Using powerful DNA sequencing technology to decode the genomes of cancer patients, scientists at Washington University School of Medicine in St. Louis are getting an unprecedented look at the genetic basis of a highly lethal breast cancer that disproportionately affects younger women and those who are African-American.
They have decoded the genome of a 44-year-old African-American woman with so-called "triple negative" breast cancer and the genomes of her breast tumor and a metastatic tumor that quickly developed in her brain. By comparing the DNA sequences of the three genomes, the scientists identified 20 genetic changes in a subset of cells in the woman's breast tumor that likely played a role in the metastasis that killed her within months, they report April 15 in Nature.
The research suggests that sequencing entire genomes of cancer patients as well as their primary and metastatic tumors can reveal clues to the way the tumors spread and can set the stage for developing more effective drugs that target key genetic errors.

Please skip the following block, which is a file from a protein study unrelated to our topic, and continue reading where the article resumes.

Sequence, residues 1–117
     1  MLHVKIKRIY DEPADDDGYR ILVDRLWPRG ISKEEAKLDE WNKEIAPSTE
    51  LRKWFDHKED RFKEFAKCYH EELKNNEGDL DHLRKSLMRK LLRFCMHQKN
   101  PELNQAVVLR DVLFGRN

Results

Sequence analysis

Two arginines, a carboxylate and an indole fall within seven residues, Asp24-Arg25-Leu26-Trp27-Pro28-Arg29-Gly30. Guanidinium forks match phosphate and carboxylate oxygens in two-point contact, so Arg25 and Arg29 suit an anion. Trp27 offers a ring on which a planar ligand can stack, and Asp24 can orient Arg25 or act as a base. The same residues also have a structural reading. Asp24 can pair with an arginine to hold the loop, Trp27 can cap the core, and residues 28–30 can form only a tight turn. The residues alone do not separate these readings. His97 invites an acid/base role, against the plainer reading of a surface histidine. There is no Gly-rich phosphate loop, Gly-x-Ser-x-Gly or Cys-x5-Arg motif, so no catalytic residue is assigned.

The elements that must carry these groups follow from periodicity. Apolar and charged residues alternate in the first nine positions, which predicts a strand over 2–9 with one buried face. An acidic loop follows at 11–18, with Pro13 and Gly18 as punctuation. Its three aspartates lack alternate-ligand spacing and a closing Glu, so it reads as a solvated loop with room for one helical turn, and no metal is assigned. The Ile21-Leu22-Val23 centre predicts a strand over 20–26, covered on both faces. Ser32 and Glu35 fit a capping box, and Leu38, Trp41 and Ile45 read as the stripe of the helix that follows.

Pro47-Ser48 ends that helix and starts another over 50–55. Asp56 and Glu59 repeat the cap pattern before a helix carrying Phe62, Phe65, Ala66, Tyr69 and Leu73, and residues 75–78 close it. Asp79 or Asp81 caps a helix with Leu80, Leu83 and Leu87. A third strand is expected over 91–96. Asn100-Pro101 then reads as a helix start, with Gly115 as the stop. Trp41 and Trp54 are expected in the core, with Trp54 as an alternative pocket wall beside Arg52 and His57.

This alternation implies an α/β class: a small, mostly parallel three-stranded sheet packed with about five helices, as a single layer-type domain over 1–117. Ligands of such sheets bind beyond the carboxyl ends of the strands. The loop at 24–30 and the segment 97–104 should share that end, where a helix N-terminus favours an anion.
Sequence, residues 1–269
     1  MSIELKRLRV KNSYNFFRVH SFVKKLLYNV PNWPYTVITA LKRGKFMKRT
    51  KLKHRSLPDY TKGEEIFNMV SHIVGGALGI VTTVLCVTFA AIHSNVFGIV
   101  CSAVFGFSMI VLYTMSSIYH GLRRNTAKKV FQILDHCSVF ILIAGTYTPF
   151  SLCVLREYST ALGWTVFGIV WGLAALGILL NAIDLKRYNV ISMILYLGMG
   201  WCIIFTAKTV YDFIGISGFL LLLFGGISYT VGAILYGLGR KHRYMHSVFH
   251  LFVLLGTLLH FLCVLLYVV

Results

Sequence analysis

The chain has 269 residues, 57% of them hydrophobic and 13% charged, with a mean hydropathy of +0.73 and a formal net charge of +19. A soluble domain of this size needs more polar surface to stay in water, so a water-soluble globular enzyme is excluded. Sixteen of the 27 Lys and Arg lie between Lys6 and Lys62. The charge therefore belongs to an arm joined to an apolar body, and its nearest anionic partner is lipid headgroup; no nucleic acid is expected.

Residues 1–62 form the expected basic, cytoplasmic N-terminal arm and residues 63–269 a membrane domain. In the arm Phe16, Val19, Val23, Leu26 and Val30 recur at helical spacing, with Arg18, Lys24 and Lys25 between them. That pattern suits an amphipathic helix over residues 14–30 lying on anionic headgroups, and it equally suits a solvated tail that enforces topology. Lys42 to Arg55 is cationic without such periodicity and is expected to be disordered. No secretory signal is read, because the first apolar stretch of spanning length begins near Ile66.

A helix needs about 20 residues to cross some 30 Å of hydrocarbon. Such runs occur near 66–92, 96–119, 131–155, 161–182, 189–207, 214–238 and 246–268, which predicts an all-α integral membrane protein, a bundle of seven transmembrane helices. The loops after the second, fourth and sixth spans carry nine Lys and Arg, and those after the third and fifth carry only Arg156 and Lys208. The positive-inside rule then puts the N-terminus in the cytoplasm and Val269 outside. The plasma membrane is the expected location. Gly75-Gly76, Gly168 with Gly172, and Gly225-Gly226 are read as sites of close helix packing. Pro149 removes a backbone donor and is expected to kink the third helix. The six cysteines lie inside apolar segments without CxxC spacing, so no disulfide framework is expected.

"We are getting an intimate look at the lethal spread of a breast cancer, which is now possible because we can sequence entire genomes quickly at a reasonable cost," says senior author Elaine Mardis, PhD, co-director of Washington University's Genome Center. "This work lays the foundation for understanding the genetic basis of tumor progression and metastasis, and for identifying new drug targets that can improve the outlook for women with this disease."